For the most part, Deus Ex Human Revolution was a great revival and a worthy continuation of a classic series. All except the boss fights, which were outsourced during production and annoyed fans by being forced action - you couldn't stealth or talk your way out. Director Jean-François Dugas has already confirmed you can completely ghost Deus Ex Mankind Divided, now he's spoken more about bosses, past and present.
Talking in the new issue of Edge, the Deus Ex Mankind Divided executive director is quite open about where Human Revolution went wrong. "We weren’t consistent on Human Revolution and we knew it. Production issues prevented us from doing [the boss fights] the way we wanted, so my take was, ‘You know what? We know we’re not consistent, we’re not going to pull it off how we’d like, but at least let’s make them entertaining and not frustrating.’ It’s just that we failed at the frustrating part of the equation [laughs]. Those who were more into combat thought the bosses were really interesting, and it was easy. But a lot of players were playing stealth... Oh my God, that was a slap in the face. We fixed it on the Director’s Cut to a certain degree, but because the cutscenes were already made, the bosses had to die, so we were still forcing you to do that.”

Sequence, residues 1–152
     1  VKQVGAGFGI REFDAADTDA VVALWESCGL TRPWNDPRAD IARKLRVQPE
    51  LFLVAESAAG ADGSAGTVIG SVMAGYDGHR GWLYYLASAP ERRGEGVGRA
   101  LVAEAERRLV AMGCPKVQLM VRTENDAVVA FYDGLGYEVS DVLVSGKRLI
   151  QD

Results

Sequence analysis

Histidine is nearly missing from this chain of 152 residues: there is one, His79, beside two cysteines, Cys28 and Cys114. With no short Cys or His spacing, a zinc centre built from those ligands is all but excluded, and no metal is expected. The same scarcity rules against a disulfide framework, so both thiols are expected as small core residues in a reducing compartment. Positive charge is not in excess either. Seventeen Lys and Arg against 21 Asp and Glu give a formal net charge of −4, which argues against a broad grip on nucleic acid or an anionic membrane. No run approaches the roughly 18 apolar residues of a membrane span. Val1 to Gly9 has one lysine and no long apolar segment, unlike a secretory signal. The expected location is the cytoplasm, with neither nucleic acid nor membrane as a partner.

According to Edge, it saw one boss encounter in the new game which was solved with negotiation. That apparently involved options such as "Justify, Patronise and Turn Tables" as they attempted to win over a character called Dr Talos Rucker. He's the leader of an activist group called the Augmented Rights Coalition, based in a location called Golem City - a ghetto for ostracised augmented humans following the fallout from the previous games.
Dugas emphasises that this new layer of interaction finally adds the options fans expect from the Deus Ex experience, and that were missing from Human Revolution. “[This time,] we’re a game that you can play stealthily, or for combat; you can kill, or you can decide not to kill. You can sometimes avoid obstacles altogether, because there might be other opportunities to overcome these things,” he explains. “And we want to make sure our boss fights fully respect those rules from day one.”